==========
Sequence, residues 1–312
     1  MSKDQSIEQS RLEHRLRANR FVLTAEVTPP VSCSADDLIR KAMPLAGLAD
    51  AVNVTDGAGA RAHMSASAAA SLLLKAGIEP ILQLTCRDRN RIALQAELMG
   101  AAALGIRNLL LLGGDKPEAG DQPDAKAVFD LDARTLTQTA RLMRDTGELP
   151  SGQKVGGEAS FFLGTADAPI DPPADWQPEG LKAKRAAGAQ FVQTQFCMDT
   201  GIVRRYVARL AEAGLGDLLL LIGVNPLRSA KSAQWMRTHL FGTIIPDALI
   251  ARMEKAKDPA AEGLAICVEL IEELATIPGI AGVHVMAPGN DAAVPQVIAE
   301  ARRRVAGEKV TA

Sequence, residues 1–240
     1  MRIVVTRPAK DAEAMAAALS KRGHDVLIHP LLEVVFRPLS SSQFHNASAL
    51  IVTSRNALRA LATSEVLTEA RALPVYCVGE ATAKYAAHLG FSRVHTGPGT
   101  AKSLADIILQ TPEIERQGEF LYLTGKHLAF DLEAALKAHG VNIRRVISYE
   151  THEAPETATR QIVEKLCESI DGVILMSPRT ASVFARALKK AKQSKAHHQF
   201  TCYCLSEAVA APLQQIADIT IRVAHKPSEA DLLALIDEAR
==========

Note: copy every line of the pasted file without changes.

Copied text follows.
Sequence, residues 1–312
     1  MSKDQSIEQS RLEHRLRANR FVLTAEVTPP VSCSADDLIR KAMPLAGLAD
    51  AVNVTDGAGA RAHMSASAAA SLLLKAGIEP ILQLTCRDRN RIALQAELMG
   101  AAALGIRNLL LLGGDKPEAG DQPDAKAVFD LDARTLTQTA RLMRDTGELP
   151  SGQKVGGEAS FFLGTADAPI DPPADWQPEG LKAKRAAGAQ FVQTQFCMDT
   201  GIVRRYVARL AEAGLGDLLL LIGVNPLRSA KSAQWMRTHL FGTIIPDALI
   251  ARMEKAKDPA AEGLAICVEL IEELATIPGI AGVHVMAPGN DAAVPQVIAE
   301  ARRRVAGEKV TA

Sequence, residues 1–240
     1  MRIVVTRPAK DAEAMAAALS KRGHDVLIHP LLEVVFRPLS SSQFHNASAL
    51  IVTSRNALRA LATSEVLTEA RALPVYCVGE ATAKYAAHLG FSRVHTGPGT
   101  AKSLADIILQ TPEIERQGEF LYLTGKHLAF DLEAALKAHG VNIRRVISYE
   151  THEAPETATR QIVEKLCESI DGVILMSPRT ASVFARALKK AKQSKAHHQF
   201  TCYCLSEAVA APLQQIADIT IRVAHKPSEA DLLALIDEAR